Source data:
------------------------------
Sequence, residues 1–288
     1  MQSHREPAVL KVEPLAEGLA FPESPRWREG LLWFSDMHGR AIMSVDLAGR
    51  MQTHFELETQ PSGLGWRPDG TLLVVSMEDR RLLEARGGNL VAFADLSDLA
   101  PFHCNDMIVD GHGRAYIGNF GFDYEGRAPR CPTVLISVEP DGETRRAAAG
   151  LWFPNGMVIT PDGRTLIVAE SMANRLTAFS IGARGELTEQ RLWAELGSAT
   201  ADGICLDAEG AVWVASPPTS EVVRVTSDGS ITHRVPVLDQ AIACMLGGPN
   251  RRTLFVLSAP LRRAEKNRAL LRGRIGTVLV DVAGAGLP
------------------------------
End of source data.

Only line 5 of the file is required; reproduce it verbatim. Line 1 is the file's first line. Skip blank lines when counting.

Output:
   151  LWFPNGMVIT PDGRTLIVAE SMANRLTAFS IGARGELTEQ RLWAELGSAT